Friday, March 11, 2011

On Going Where the Real Energy Is: Fundamental Forces

Images from Wikipedia "forces" and "quarks"
The image above portrays three "quarks", particles which when combined make up larger particles such as neutrons and protons. Quarks come in different varieties, and are bound together to form larger particles by "gluons." Gluons moderate the so-called "strong nuclear force," which may hold the answer to a limitless source of energy.
Humans get most of their energy from chemical reactions, moderated by the electromagnetic force. Such chemical energy is far less potent (less dense) than nuclear energy -- either fission, fusion, or LENRs (low energy nuclear reactions). The forces moderating nuclear reactions are far more powerful than the electromagnetic forces moderating chemical reactions -- which is why smart fission can provide humans with abundant energy for thousands of years, and fusion power is essentially limitless in human terms. But to truly take best advantage of fission, fusion, and LENRs, we need to understand the nuclear forces better.
...Despite many hundreds of well-functioning nuclear power plants, our understanding of nuclear forces is only empirical, and empirical knowledge is always imperfect.

For example, in producing nuclear energy, the decay reactions repeat many times, with the imperfections of every repetition resulting in a loss of predictive power of computations. This hampers the optimisation process, and is one of the main reasons why several large projects investigating energy production using more abundant uranium-238 or thorium (fast breeder reactors) were closed in Europe and the United States before they achieved the expected level of performance.

Another problem is the nuclear waste that emerges when energy is produced in the decay process. The waste can be substantially, or even completely, reduced if we could use an alternative form of nuclear decay that is triggered by externally accelerated particles. Here, too, however, we need more precise knowledge of the properties of nuclear processes.

The force binding atomic nuclei is a special case of the "strong force", one of the four fundamental forces in nature, and is extremely difficult to investigate, because it acts very quickly and violently. Around 50 years ago, it was proposed to study the strong forces by firing protons at each other at very high energies.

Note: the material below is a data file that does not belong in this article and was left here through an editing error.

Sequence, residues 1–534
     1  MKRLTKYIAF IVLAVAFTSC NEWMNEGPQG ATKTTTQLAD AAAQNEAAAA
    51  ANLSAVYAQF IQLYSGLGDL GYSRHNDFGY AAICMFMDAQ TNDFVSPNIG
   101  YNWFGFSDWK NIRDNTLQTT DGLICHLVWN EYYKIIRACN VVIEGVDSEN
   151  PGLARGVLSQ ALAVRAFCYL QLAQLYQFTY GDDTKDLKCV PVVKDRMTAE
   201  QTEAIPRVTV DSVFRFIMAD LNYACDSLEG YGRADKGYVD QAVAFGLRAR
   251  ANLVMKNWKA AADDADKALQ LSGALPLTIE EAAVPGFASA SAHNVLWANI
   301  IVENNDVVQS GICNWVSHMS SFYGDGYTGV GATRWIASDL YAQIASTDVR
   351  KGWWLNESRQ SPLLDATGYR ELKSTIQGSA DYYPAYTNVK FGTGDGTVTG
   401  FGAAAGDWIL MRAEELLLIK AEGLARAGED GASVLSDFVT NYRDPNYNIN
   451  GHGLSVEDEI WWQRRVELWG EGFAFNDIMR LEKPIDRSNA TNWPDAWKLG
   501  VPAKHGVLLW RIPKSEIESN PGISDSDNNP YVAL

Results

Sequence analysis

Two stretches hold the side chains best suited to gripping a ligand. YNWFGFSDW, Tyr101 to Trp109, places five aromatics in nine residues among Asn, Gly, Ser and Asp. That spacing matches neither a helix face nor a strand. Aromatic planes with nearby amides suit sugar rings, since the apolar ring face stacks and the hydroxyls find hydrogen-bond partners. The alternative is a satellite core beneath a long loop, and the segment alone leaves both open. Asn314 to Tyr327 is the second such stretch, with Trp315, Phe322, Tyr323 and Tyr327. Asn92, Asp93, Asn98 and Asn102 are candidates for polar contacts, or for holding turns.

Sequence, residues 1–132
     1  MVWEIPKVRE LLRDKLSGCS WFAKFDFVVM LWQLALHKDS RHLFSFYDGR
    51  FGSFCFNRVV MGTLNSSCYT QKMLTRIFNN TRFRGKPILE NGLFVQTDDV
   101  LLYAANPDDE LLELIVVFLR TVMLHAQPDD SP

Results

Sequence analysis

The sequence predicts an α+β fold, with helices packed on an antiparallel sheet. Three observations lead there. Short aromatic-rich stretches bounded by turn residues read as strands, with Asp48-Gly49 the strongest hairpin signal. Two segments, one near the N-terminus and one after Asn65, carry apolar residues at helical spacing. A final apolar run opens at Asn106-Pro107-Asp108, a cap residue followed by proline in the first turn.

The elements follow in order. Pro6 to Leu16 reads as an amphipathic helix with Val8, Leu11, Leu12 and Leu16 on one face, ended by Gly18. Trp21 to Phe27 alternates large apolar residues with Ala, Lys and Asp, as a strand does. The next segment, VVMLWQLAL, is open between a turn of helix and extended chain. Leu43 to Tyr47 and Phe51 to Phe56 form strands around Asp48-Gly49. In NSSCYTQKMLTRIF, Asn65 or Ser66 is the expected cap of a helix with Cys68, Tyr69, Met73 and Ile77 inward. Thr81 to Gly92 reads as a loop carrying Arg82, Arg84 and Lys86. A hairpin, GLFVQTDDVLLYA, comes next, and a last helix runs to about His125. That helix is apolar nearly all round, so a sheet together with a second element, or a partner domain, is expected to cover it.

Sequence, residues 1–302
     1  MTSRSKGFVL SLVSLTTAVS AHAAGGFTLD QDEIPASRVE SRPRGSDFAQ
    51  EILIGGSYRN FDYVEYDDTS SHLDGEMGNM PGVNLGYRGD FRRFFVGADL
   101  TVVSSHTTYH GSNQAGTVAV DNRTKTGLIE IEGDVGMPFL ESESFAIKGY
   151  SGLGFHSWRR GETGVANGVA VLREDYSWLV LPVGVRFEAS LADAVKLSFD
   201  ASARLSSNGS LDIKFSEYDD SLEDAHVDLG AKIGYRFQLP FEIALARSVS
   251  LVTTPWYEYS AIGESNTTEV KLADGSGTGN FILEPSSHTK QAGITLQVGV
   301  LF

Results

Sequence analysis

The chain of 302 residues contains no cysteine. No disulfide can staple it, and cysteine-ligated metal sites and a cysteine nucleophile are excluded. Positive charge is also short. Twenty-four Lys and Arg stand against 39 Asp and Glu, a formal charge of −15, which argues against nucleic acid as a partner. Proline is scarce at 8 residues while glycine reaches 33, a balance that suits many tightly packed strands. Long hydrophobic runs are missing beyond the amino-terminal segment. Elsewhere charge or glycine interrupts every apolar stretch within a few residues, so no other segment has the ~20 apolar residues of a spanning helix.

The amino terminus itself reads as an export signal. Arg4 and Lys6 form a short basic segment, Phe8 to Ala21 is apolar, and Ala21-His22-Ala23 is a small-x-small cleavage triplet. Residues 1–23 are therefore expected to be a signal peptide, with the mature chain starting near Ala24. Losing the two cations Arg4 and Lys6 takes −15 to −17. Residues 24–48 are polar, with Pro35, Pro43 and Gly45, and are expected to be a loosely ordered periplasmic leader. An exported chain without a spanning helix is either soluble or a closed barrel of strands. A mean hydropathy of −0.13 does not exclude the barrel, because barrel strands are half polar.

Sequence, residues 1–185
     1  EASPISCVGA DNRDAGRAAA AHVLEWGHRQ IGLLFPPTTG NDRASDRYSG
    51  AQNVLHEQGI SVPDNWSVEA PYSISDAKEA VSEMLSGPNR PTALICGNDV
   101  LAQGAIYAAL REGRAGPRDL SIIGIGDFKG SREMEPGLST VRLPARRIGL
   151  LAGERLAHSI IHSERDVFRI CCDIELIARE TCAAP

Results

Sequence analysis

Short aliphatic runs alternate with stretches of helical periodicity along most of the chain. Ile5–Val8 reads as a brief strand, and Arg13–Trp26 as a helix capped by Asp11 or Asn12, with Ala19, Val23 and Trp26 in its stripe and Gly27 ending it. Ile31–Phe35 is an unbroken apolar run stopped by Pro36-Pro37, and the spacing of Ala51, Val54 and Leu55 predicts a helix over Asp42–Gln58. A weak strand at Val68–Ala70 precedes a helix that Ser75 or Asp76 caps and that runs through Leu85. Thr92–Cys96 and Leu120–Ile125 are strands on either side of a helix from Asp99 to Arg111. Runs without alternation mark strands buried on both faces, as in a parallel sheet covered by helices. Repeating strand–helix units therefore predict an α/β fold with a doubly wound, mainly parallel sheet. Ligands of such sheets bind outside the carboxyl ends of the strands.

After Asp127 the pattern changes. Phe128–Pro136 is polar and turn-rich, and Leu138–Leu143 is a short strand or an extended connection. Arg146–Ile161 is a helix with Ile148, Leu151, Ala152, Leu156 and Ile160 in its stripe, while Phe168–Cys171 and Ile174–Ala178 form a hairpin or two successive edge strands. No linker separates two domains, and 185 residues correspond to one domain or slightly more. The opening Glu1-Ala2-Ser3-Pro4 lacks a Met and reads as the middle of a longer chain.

...Several large accelerator research centres were built, and the scattering of particles at high energies revealed a fascinating structure of matter. New particles, called gluons, were found to mediate the strong force. Their discovery should provide a clue to precise knowledge of the strong force.

At short distances, gluons create an attractive force that is pretty weak and well understood. But, at larger distances, comparable to the proton radius, the force becomes really strong, and a very large number of gluons is involved, forming complicated structures that are not well known today. Therefore, for some time, it was not expected that the properties of the strong force could be directly derived from the properties of gluons.

In the last few years, however, experiments at the HERA accelerator in Hamburg, Germany, have observed the strong interaction effects in slow motion, which could open a way to a precise understanding of the strong force.

...The appearance of such clear gluonic structures was unexpected; the experiments at HERA were not designed to study them. But the precision experiments required to measure the strong force can be designed and built with known technology. So two large groups of physicists - one concentrated around the Brookhaven and Jefferson National Laboratories in the United States, and the other around CERN in Geneva - are proposing to restart the investigation of electron-proton interactions.

The study of these interactions should provide a precise understanding of the strong force....A precise understanding of the strong force could be just as important, opening new ways to use nuclear-energy resources while solving the problems of safety and nuclear waste. _AlJazeera

Humans are slightly advanced monkeys, swinging from meager knowledge trees, flinging gobs of shite at each other and hooting into the night. It's going to take some time, discipline, and work to move forward.



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